As new silencers are hitting the market all the time, it’s hard to tell which is the quietest. I’ll bet a ham sandwich that the AAC Ti-Rant 45M is up near the top of the list.
Our friends at Silencer Shop sent me an evaluation sample to run through the ringer. While there are a number of standout features, which we’ll get to in a minute, the first thing you’ll notice is that it’s quiet. I mean really, really quiet.
The .45 ACP cartridge is a great round for suppression anyway as it’s almost always subsonic right out of the box. It’s also a low pressure round, usually running somewhere between 10,000 and 16,000 pounds per square inch of pressure. To put that in perspective, the .40 S&W measures somewhere between 20,000 and 34,000 psi depending on the load. Most factory loads will be in the high 20s and low to mid 30s. Less pressure equals less blast, and therefore, less noise that needs to be suppressed. But enough about that, let’s take a closer look at the TiRant 45M.
A quick tour of the AAC Ti-Rant 45M
First of all, the “M” in the name is significant. It stands for “modular.” Advanced Armament Corporation (AAC) makes three different Ti-Rant models in both 9mm and .45 ACP. The standard Ti-Rant is a fixed length pistol suppressor. The “S” model is a short configuration that offers more portability but less noise reduction. The “M” model gives you the best of both worlds.
The 45M model has a two part tube body. The end that mounts to the pistol is like the “S” version tube. The tube body extension and extra baffles add to the length, offering full-size silencer performance. Inside, there are two separate baffle stacks, one that lives in the longer tube and another that goes in the extension. More length plus more baffles equal more quiet, but at the cost of a longer overall size.
Let’s take a look at a spec comparison between the three models.
|Model||Ti-Rant 45||Ti-Rant 45S||Ti-Rant 45M|
|Length||8.74”||6.42”||9” (long configuration)|
7” (short configuration)
|Weight||11.5 oz||9.2 oz||13 oz (long)11.3 oz (short)|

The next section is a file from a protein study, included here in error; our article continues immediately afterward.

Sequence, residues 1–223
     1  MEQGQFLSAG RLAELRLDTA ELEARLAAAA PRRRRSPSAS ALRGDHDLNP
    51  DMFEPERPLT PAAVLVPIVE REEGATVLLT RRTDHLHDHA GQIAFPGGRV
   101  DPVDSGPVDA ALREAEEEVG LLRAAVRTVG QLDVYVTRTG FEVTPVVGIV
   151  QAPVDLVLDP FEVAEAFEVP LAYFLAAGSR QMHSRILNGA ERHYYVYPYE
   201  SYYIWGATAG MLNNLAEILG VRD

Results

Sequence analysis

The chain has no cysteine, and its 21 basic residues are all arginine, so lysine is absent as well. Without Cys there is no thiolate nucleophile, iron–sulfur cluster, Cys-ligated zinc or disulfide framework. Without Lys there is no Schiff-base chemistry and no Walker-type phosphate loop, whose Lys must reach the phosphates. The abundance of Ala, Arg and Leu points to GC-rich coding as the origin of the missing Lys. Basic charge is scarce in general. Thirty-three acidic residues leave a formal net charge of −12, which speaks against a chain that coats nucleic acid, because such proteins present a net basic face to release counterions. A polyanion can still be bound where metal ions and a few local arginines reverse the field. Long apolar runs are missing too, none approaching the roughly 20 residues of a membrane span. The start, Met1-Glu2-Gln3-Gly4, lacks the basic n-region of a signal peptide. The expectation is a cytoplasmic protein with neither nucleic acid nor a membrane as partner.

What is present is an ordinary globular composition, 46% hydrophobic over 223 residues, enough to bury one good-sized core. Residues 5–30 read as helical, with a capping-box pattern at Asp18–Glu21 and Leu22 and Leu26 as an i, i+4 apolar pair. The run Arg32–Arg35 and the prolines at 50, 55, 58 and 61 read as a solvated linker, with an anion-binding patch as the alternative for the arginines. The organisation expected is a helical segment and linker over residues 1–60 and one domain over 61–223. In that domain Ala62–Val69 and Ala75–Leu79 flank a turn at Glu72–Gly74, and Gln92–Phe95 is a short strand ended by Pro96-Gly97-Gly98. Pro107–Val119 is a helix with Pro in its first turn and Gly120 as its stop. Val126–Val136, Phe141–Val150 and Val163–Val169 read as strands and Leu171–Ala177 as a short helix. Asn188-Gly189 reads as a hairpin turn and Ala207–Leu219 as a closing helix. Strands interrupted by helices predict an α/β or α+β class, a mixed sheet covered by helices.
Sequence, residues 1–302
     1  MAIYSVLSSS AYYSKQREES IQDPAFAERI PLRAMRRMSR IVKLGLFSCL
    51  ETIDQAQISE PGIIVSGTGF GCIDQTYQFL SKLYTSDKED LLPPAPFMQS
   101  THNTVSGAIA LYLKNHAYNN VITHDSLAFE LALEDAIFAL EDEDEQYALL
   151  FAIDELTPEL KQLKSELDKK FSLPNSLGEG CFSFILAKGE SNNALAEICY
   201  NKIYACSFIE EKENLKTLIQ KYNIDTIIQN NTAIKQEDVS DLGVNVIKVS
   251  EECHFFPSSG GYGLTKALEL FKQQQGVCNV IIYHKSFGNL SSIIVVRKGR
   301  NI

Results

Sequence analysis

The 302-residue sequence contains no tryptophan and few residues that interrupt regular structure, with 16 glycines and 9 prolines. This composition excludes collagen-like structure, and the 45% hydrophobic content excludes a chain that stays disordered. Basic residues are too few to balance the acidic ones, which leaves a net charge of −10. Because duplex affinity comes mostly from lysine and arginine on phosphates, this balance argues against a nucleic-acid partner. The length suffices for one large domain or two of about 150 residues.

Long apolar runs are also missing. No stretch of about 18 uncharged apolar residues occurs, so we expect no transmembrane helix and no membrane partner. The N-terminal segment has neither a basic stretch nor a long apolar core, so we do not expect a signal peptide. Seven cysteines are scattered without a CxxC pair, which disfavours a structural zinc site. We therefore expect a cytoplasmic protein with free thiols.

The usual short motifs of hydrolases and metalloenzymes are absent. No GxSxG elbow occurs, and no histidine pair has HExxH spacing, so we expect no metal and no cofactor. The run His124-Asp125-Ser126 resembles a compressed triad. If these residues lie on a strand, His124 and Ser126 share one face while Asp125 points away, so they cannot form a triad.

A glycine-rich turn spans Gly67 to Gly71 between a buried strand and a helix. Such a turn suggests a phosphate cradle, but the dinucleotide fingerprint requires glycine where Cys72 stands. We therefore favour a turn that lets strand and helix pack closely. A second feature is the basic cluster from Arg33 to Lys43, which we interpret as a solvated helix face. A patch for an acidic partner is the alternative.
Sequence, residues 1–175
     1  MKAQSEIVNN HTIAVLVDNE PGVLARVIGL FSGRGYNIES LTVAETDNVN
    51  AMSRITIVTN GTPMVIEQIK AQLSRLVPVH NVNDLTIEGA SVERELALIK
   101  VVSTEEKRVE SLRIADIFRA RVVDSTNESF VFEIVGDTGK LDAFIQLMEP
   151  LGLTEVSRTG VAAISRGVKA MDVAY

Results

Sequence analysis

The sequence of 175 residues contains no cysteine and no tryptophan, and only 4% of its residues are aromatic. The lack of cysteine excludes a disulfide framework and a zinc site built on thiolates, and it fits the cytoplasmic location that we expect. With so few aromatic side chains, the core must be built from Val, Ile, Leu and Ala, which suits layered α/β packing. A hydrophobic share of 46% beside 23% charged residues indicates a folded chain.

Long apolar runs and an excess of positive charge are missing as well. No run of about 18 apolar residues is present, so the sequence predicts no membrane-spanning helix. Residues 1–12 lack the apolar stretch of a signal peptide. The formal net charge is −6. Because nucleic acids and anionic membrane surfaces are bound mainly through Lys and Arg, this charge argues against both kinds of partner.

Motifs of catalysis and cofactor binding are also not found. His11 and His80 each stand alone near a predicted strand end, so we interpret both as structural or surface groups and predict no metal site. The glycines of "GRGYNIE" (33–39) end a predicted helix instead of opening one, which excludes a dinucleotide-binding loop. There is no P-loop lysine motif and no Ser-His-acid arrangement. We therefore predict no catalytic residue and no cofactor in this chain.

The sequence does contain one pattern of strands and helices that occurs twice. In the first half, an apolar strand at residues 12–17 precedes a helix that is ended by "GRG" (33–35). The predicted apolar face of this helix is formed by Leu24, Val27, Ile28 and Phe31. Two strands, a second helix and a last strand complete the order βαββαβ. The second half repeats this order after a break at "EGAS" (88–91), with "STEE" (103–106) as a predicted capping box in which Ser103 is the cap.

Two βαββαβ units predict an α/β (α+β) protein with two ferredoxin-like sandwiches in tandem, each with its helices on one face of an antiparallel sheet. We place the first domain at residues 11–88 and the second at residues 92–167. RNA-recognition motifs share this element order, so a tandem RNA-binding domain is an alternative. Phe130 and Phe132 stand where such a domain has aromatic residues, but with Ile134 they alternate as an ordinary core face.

|Sound Reduction (Dry / Wet)||-30db / -41db||-18db / -28.5db||-33db / -41db (long)-21db / -28db (short)|
Interestingly, the modular version outperforms the standard and short models in its respective configurations with improved sound reduction.
The main body of the Ti-Rant is made from Grade 9 Titanium while the front extension tube is made from 7075-T6 aluminum. The idea is to have durability closer to the muzzle where the gas is most abusive and weight savings further down the tube.
The tube has four main components: the mount and booster housing, the main tube, the extension tube, and the muzzle cap. The suppressor housing has the direct thread mount and uses a standard AAC booster pistol. This means that you can buy the 45M suppressor and a 9mm and .40 pistol and shoot the same suppressor on the smaller calibers just by changing the piston. While we’re talking about changing things around, I should note that you can do everything by hand – no tools are required. On the muzzle end, the cap is designed to fit to either the end of the extension tube or the end of the main tube. This is what completes both the long and short configurations.
Inside the tube are a metric boat load of individual baffles. At a glance, they look similar, but on closer examination, you’ll see that they have slightly different shapes and functions. One, and only one, is shaped to be the first and it’s made from stainless steel to deal with the harshest portion of the muzzle blast. After that, a series of interlocking steel baffles build out the stack. At the end of the short tube, there is an end baffle that has a smooth ring to interface with either the end cap (short configuration) or the base of the first baffle in the extension tube. As you might guess, and can see in the pictures here, three additional baffles are made to fit into the extension tube.